Philadelphia Federation of Teachers president Jerry Jordan spoke at Northeast High School on Monday to draw attention to the “District’s failure” to fill numerous teacher vacancies in the city’s public schools.
For some students, school doesn’t come easily. They don’t revel in Shakespeare, nor do they thrive in the confines of the classroom. Instead, their brains whir with the goings-on of the street, their main concern protecting their vulnerable bodies.
High school students across Philadelphia identified with this idea as they gathered at the Free Library on Friday to hear Ta-Nehisi Coates read from his latest book, Between the World and Me.
Five weeks into the school year, District officials are reaching the end of their tether with the private substitute placement firm Source4Teachers.
The District has seen the number of staffed classrooms plummet since it outsourced substitute recruitment and placement to the Cherry Hill-based firm in an attempt to boost coverage levels. Source4Teachers has said the firm is working to find solutions, but progress remains slow.
After the fill rate for empty classrooms reached nearly 30 percent in the last week of September, that level has now slumped back to 20 percent, the District said.
Philadelphia school leaders got an earful Thursday night.
Much of the four-and-a-half-hour School Reform Commission meeting was filled with contentious testimony.
Teachers, parents, and advocates decried the shortage of school nurses and took leaders to task for the so-far exceedingly underwhelming results of their decision to outsource substitute teaching placement services — leading some in the crowd to call for ousting Superintendent William Hite.
Mastery Charter Schools CEO Scott Gordon said Thursday that a new $9.6 million grant from the U.S. Department of Education would be used to open new schools in the city and across the Delaware River.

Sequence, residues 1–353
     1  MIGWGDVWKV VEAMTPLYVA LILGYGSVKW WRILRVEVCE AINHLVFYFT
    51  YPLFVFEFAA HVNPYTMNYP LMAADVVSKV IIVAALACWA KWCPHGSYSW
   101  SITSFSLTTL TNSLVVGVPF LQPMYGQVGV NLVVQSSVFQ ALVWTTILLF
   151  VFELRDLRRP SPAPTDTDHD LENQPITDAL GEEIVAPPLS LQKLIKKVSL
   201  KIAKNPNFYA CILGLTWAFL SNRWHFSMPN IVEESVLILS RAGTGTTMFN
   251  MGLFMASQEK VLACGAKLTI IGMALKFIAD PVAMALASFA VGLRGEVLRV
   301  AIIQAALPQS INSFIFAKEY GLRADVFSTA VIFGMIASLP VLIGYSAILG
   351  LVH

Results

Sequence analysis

"We're expecting to open schools in Philadelphia and Camden," Gordon said in a telephone interview. "New schools or Renaissance schools. Our preference has always been Renaissance schools, because that is the quickest way to address kids who are trapped in struggling schools."
Expect a lively Thursday evening on North Broad Street.
Philadelphia parents, students, educators, and advocates will have their first chance to testify on the sweeping proposals unveiled by the Philadelphia School District two weeks ago.
Updated with information on Scott Gordon interview
The U.S. Department of Education (DOE) has awarded Mastery Charter Schools a $9.6 million federal grant with the goal of opening 12 new schools over the next five years as a part of the department’s Replication and Expansion for High-Quality Charter Schools program.
The Notebook will be at the Pennsylvania Convention Center this weekend when an estimated 8,000 parents and students will flood the venue for the annual High School Fair.
We will be handing out copies of our Fall Guide to High Schools, which contains profiles of 88 high schools, both District and charter. We’re looking for volunteers on Saturday to help us hand out the guides.
If you can volunteer one or more hours between 9 a.m. and 3 p.m. on Saturday, please contact Lauren Wiley by email or by phone at 215-839-0082 ext. 106. The Notebook could use your help!
More than 200 people packed a Center City auditorium Monday night for a tame, wide-ranging mayoral debate between Democrat Jim Kenney and Republican Melissa Murray Bailey.
As it has throughout this election season, education dominated the hourlong event at WHYY.